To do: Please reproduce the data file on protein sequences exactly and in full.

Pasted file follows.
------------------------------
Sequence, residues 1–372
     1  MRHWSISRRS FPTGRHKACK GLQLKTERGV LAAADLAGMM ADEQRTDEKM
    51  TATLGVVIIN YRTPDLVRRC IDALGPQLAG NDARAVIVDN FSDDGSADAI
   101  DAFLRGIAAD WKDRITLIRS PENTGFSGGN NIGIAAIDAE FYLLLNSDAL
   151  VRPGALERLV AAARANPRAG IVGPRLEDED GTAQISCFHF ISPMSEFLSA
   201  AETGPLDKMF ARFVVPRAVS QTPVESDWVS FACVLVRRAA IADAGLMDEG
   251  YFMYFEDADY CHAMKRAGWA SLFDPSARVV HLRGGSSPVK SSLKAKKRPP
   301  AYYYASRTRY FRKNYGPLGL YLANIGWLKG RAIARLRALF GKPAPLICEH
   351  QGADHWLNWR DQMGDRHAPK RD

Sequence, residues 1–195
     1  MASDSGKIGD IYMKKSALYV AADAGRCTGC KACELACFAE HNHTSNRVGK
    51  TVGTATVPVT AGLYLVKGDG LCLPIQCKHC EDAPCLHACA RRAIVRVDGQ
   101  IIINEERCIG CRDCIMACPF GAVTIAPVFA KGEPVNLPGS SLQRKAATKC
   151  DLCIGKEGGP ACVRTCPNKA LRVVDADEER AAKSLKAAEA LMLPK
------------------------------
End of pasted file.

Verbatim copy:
Sequence, residues 1–372
     1  MRHWSISRRS FPTGRHKACK GLQLKTERGV LAAADLAGMM ADEQRTDEKM
    51  TATLGVVIIN YRTPDLVRRC IDALGPQLAG NDARAVIVDN FSDDGSADAI
   101  DAFLRGIAAD WKDRITLIRS PENTGFSGGN NIGIAAIDAE FYLLLNSDAL
   151  VRPGALERLV AAARANPRAG IVGPRLEDED GTAQISCFHF ISPMSEFLSA
   201  AETGPLDKMF ARFVVPRAVS QTPVESDWVS FACVLVRRAA IADAGLMDEG
   251  YFMYFEDADY CHAMKRAGWA SLFDPSARVV HLRGGSSPVK SSLKAKKRPP
   301  AYYYASRTRY FRKNYGPLGL YLANIGWLKG RAIARLRALF GKPAPLICEH
   351  QGADHWLNWR DQMGDRHAPK RD

Sequence, residues 1–195
     1  MASDSGKIGD IYMKKSALYV AADAGRCTGC KACELACFAE HNHTSNRVGK
    51  TVGTATVPVT AGLYLVKGDG LCLPIQCKHC EDAPCLHACA RRAIVRVDGQ
   101  IIINEERCIG CRDCIMACPF GAVTIAPVFA KGEPVNLPGS SLQRKAATKC
   151  DLCIGKEGGP ACVRTCPNKA LRVVDADEER AAKSLKAAEA LMLPK